Frederick Phillips "Fred" Brooks Jr. (born April 19, 1931) is an American computer architect, software engineer, and computer scientist, best known for managing the development of IBM's System/360 family of computers and the OS/360 software support package, then later writing candidly about the process in his seminal book The Mythical Man-Month.[1] Brooks has received many awards, including the National Medal of Technology in 1985 and the Turing Award in 1999.[4][5] Born in Durham, North Carolina, he attended Duke University, graduating in 1953 with a Bachelor of Science degree in physics, and he received a Ph.D. in applied mathematics (computer science) from Harvard University in 1956, supervised by Howard Aiken.[3] Brooks served as the graduate teaching assistant for
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Surplus Value
In Marxian economics, surplus value is the difference between the amount raised through a sale of a product and the amount it cost to the owner of that product to manufacture it: i.e. the amount raised through sale of the product minus the cost of the materials, plant and labour power. The concept originated in Ricardian socialism, with the term "surplus value" itself being coined by William Thompson in 1824; however, it was not consistently distinguished from the related concepts of surplus labor and surplus product. The concept was subsequently developed and popularized by Karl Marx. Marx's formulation is the standard sense and the primary basis for further developments, though how much of Marx's concept is original and distinct from the Ricardian concept is disputed (see § Origin). Marx's term is the German word "Mehrwert", which simply means value added (sales revenue less the cost of materials used up), and is cognate to English "more worth"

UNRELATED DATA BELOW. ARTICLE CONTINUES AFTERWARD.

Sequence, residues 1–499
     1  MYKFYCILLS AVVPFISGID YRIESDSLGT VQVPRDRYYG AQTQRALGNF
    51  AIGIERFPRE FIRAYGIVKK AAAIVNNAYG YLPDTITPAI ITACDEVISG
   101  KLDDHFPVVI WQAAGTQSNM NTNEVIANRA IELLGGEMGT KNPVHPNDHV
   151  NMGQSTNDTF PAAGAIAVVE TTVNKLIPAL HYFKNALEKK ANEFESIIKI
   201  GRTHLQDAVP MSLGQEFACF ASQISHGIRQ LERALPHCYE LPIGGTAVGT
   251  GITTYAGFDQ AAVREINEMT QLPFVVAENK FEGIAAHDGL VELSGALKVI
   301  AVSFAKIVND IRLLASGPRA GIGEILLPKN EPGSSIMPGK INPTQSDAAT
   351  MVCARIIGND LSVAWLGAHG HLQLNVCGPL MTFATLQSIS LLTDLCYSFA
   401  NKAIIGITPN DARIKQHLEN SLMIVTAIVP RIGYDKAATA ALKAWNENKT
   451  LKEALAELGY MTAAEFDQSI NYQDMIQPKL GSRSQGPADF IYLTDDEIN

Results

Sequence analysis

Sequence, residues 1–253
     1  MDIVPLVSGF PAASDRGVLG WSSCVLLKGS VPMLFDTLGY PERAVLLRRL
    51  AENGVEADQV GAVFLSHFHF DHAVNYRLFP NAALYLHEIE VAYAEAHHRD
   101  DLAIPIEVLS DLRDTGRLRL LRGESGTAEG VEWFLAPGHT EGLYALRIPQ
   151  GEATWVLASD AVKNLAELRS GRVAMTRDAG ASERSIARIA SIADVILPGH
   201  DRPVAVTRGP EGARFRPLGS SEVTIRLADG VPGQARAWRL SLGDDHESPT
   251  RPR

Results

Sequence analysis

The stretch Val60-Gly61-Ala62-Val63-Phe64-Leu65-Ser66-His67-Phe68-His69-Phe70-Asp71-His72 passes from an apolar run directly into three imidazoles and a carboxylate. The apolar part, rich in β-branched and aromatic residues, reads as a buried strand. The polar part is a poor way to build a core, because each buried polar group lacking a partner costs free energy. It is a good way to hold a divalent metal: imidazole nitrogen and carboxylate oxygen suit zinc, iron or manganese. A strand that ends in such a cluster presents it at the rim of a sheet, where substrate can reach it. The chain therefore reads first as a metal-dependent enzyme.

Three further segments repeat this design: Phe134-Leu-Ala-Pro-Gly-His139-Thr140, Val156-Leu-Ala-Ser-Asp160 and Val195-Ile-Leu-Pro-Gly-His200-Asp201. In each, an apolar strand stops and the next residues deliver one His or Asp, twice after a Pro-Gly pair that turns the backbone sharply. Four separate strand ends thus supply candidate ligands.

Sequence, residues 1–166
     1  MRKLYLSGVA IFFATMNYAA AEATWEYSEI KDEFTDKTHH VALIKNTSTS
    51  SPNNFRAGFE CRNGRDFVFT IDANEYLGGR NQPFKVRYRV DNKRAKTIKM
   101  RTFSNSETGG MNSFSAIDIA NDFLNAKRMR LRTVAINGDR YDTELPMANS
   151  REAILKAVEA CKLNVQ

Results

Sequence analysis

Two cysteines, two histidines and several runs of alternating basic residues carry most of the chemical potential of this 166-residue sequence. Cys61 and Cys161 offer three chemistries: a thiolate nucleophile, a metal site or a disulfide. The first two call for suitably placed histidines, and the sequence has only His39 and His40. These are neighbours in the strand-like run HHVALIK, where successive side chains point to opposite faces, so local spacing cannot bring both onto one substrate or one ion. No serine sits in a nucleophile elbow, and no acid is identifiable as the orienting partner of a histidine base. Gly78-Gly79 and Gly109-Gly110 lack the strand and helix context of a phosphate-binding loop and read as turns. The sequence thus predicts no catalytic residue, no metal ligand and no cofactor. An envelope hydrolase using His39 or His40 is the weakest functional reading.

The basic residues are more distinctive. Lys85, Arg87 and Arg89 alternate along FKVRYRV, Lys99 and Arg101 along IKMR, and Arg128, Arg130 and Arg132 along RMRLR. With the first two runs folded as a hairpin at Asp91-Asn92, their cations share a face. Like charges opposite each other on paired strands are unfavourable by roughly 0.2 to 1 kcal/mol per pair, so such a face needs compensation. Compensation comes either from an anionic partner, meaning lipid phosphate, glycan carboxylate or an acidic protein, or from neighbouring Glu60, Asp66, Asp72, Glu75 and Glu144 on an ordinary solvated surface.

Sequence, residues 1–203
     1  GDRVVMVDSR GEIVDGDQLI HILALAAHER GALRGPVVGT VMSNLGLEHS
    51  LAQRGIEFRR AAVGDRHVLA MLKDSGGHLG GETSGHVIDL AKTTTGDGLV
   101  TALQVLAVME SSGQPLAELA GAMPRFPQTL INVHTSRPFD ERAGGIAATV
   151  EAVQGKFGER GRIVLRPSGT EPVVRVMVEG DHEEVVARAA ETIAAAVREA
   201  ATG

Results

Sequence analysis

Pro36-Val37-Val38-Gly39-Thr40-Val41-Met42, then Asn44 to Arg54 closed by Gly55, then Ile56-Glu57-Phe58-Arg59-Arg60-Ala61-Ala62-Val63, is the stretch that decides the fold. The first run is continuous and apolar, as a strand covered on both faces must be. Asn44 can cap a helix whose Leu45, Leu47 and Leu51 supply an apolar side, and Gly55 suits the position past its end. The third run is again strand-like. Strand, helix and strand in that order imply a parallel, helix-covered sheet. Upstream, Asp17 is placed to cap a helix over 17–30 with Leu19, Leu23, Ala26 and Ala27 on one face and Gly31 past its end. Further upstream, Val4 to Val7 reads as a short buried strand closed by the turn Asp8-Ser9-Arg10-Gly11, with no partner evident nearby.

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Scientific Management
Scientific management is a theory of management that analyzes and synthesizes workflows. Its main objective is improving economic efficiency, especially labor productivity. It was one of the earliest attempts to apply science to the engineering of processes to management. Scientific management is sometimes known as Taylorism after its founder, Frederick Winslow Taylor.[1] Taylor began the theory's development in the United States during the 1880s and 1890s within manufacturing industries, especially steel
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Productivity
Productivity describes various measures of the efficiency of production. Often, a productivity measure is expressed as the ratio of an aggregate output to a single input or an aggregate input used in a production process, i.e. output per unit of input, typically over a specific period of time.[1] Most common example is the (aggregate) labour productivity measure, e.g., such as GDP per worker. There are many different definitions of productivity (including those that are not defined as ratios of output to input) and the choice among them depends on the purpose of the productivity measurement and/or data availability. The key source of difference between various productivity measures is also usually related (directly or indirectly) to how the outputs and the inputs are aggregated into scalars to obtain such a ratio-type measure of productivity.[2] Productivity is a crucial factor in production performance of firms and nations